John Murray may have recently moved down south to be closer to the big tournament lakes, but the fact remains that he dominated bass fishing in Arizona for decades. He won so many tournaments that I lost count, and I’ve known him since he was really young.
One of the great things about Murray is that he is always willing to share his fishing knowledge with everyone – he is always doing seminars, giving talks on the bass tank, and going out with writers to do stories.
Doing Great In Bassmasters
Murray would probably still be in Arizona if he didn’t value his family life so highly – but it’s hard to travel to all those Bassmasters tournaments and leave your wife and son behind for weeks at a time. Murray is doing great in Bassmasters: He’s been to the Classic 7 times, has been in the money 110 times, he has 3 wins, 24 top ten finishes, and has won over a million dollars.
And that’s just in Bassmasters. No telling how much he’s won over his entire career. It boggles the mind. All this means that Murray is no stranger to tough conditions. When you fish tournaments you take the good with the bad, so John has good advice for when the bass seem to have lockjaw.
Doodling Is A Favorite
One of Murray’s favorite ways to catch fish at Lake Pleasant is doodling. To him, doodling is a retrieve more than a rig. It means you’re shaking the worm all the way back to the boat — not lifting or hopping, just shaking it gently as you drag it back.
This is one of his go-to techniques when fishing is really tough. It’s most often a bottom-fishing method, but that depends on the terrain. In open water, doodle sliding is the way to go. For instance, Murray will sit over 50 feet of water and cast over a ridge into 30, and the instant the lure hits the surface, he starts shaking it while swimming it back in a pendulum arc.
Best doodle colors are reds, browns, and greens. The same colors work for doodle sliding, or you can try smoke/blue or smoke/pearl. To rig a doodle worm, first slide a brass weight onto your line, then a faceted glass bead. Murray usually matches the bead to the worm. He uses 6-pound-test line and has caught tons of very big bass on this rig. DD worms, Don Iovino’s worms (Don actually invented doodling), Robo Worms, and Berkley Power Worms all work well. He likes a curly tail in warmer water and a straight tail in cold water.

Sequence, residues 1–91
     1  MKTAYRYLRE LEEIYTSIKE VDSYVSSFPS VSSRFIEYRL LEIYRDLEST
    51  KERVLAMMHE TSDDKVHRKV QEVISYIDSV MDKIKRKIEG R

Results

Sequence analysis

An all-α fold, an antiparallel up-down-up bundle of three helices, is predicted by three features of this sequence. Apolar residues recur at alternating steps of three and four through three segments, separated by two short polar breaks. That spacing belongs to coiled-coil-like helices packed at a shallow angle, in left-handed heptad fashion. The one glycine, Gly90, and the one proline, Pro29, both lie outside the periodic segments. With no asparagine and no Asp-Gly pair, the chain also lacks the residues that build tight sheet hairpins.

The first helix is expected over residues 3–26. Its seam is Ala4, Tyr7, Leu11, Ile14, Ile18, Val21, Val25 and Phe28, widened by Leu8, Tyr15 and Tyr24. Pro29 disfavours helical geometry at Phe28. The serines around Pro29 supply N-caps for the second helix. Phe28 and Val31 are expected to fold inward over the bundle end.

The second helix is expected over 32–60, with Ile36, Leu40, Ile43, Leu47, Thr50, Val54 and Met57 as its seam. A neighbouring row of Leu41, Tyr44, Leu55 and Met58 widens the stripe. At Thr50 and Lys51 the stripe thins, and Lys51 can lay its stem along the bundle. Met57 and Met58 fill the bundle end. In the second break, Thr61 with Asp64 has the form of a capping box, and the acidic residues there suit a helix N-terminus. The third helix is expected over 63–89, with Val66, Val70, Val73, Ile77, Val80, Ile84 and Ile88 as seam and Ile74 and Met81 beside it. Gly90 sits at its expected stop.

Bite Feels Like Mush
To fish this rig, he uses a 7-foot , medium light spinning rod and ¼- or 3/16-ounce weights with a 1/0 Gamakatsu offset worm hook. The worm should have a lot of salt or flavor so the fish hold on to it. The bite, he says, usually feels like mush.
You’ll probably have a lot of light line out with that light hook, so Texpose it (rig the worm Texas style, but leave the point just outside the worm instead of slipping it back under the skin), and when you get bit, sweep and use the reel to set the hook. The longer 7-foot rod helps get you better hooksets.
Doodling isn’t the best technique for finding fish, but it’s one of the best ways to catch as many fish as possible off a spot. When you know they’re there but you can’t get them to bite, try doodling. Make as much noise with as little movement as possible.
To locate fish, look for shad and determine how deep they are, then locate the best possible structure at that depth. This means things like extended reefs, sheer rocky bluffs or cliffs, and creek channels. Murray says that some of the best fish he’s ever caught have been fish that he never saw on the graph.
More Doodling Tips
Some final doodling tips: Murray finds it works even better if you work uphill, especially in rising water conditions. If the water is falling, work it downhill. It’s also an excellent vertical technique — his favorite is to stay right on top of the structure and move the boat instead of moving the line.
If he’s fishing deeper than 30 feet this is the technique he’ll try use every time, because using the trolling motor and electronics give you a better feel and more control over what your lure is doing down there.
The time of day isn’t that important, but doodling is great in the middle of the day (10-2) especially when fishing is tough. Murray will generally try more aggressive tactics early and late.
Try these tips from Arizona pro John Murray when the fishing gets really tough. I bet you’ll put some fish in the boat!